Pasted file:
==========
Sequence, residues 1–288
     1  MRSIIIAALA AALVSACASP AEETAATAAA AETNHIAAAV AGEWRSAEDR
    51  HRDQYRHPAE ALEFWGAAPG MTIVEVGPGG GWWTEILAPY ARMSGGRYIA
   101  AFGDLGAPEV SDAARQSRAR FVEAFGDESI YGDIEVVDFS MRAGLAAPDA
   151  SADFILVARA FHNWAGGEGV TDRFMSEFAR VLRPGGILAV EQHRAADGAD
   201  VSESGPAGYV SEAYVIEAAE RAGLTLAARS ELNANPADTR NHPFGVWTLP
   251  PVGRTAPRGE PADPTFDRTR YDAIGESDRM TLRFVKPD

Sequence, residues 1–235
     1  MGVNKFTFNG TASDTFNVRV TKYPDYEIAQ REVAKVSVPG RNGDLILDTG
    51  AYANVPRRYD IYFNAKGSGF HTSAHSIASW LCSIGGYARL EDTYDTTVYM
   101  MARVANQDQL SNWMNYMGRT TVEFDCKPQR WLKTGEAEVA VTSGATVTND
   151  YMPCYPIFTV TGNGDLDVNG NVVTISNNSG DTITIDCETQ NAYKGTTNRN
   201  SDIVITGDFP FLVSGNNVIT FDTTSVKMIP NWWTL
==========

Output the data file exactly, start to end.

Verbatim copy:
Sequence, residues 1–288
     1  MRSIIIAALA AALVSACASP AEETAATAAA AETNHIAAAV AGEWRSAEDR
    51  HRDQYRHPAE ALEFWGAAPG MTIVEVGPGG GWWTEILAPY ARMSGGRYIA
   101  AFGDLGAPEV SDAARQSRAR FVEAFGDESI YGDIEVVDFS MRAGLAAPDA
   151  SADFILVARA FHNWAGGEGV TDRFMSEFAR VLRPGGILAV EQHRAADGAD
   201  VSESGPAGYV SEAYVIEAAE RAGLTLAARS ELNANPADTR NHPFGVWTLP
   251  PVGRTAPRGE PADPTFDRTR YDAIGESDRM TLRFVKPD

Sequence, residues 1–235
     1  MGVNKFTFNG TASDTFNVRV TKYPDYEIAQ REVAKVSVPG RNGDLILDTG
    51  AYANVPRRYD IYFNAKGSGF HTSAHSIASW LCSIGGYARL EDTYDTTVYM
   101  MARVANQDQL SNWMNYMGRT TVEFDCKPQR WLKTGEAEVA VTSGATVTND
   151  YMPCYPIFTV TGNGDLDVNG NVVTISNNSG DTITIDCETQ NAYKGTTNRN
   201  SDIVITGDFP FLVSGNNVIT FDTTSVKMIP NWWTL